The UK is proposing measures to help speed up the recruitment of workers at airlines and airports in an effort to ease staff shortages that have led to hundreds of cancelled flights and big queues.
Aviation minister Robert Courts has written to aviation industry executives, saying the government would, by the end of April, aim to drop a requirement that companies must have completed background checks on new hires’ past employment before they begin training courses.
The move comes as the sector struggles to cope with Britons seeking to go abroad after the lifting of coronavirus restrictions because companies slashed workforces when travel ground to a halt at the start of the Covid-19 pandemic.
UK airlines have cancelled as many as 1,000 flights a week recently because of staff shortages caused by a combination of Covid-19 infections and longer-than-expected times completing background and identity checks on new starters, and obtaining security clearance for them. Travellers using airports including Heathrow, Gatwick and Manchester have experienced lengthy delays.
“All of us will be concerned about the situations some passengers have experienced over the past couple of weeks,” said Courts in his letter to industry executives on April 8.
“The Department for Transport has been working hard to identify solutions to help ease the current difficulties that you are facing in what is a competitive labour market.” Courts’ letter was first reported on by the Sunday Telegraph.
Since the UK retained EU laws on background checks after Brexit, ministers are now proposing legislation known as a statutory instrument to loosen the requirements.
Courts said in his letter: The [statutory instrument] provides the possibility of greater flexibility on the need to have gone through industry managed identity and background checks before training can begin . . .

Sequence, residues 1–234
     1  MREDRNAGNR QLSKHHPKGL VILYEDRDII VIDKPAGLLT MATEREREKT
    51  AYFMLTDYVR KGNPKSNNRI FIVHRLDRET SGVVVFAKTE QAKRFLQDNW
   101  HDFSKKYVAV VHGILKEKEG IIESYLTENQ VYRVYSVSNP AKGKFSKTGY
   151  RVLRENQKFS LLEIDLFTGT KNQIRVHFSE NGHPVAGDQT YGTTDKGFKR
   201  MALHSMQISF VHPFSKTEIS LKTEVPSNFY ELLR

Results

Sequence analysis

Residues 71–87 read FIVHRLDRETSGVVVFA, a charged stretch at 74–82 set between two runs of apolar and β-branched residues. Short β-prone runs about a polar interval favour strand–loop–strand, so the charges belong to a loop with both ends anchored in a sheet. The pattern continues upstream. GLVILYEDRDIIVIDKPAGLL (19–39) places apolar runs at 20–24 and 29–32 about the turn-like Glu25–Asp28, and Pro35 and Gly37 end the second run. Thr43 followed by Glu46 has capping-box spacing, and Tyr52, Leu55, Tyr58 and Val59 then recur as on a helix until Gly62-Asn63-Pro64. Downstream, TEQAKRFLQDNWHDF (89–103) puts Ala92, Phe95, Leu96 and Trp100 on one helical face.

“I want to stress that while we are acutely conscious of the need to get more staff into your operations, we have to balance this against the risk of insider threat and other security factors. This will always be our primary focus.” He stressed the statutory instrument had to be approved by parliament.
Transport secretary Grant Shapps insisted last week he was “very concerned” about getting airlines and airports back to full strength quickly after they fired tens of thousands of staff during the pandemic.
“We had been warning them that for a long time they would need to gear up again,” he said, in remarks some industry executives interpreted as criticising the sector.
While new hires could undergo training courses without the background checks having been completed under the proposed changes outlined by Courts, they would still need full security clearance before starting work.
Background checks are distinct from security vetting and both form part of a wider series of verifications that aviation staff must go through, which usually take up to 15 weeks.
Johan Lundgren, chief executive of easyJet, said recently there was a three-week delay on vetting and the low-cost carrier would have had fewer flight cancellations if some of the 100 staff awaiting clearance had been processed sooner.
Trade bodies Airlines UK and the Airport Operators Association declined to comment.
A government spokesperson said: “Using our post-Brexit freedoms, we are looking at ways to help industry speed up job reference checks.
“However, we will not allow people to work in the sector when they have not been subject to the appropriate enquiries.”